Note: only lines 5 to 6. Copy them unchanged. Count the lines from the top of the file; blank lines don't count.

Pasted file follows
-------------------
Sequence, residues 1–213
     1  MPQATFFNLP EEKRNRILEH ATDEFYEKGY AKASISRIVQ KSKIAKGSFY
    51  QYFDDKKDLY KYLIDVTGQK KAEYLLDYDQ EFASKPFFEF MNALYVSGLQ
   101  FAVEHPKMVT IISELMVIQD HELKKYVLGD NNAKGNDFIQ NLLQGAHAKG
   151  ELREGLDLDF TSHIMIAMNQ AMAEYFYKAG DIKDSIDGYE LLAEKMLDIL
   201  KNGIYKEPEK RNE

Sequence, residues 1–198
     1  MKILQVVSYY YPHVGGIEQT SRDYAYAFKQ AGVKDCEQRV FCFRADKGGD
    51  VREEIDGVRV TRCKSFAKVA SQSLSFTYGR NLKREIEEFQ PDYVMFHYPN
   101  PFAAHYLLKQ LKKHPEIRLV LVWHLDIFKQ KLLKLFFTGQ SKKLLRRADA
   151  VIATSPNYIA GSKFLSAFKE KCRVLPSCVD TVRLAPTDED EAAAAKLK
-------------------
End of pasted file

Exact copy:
   151  ELREGLDLDF TSHIMIAMNQ AMAEYFYKAG DIKDSIDGYE LLAEKMLDIL
   201  KNGIYKEPEK RNE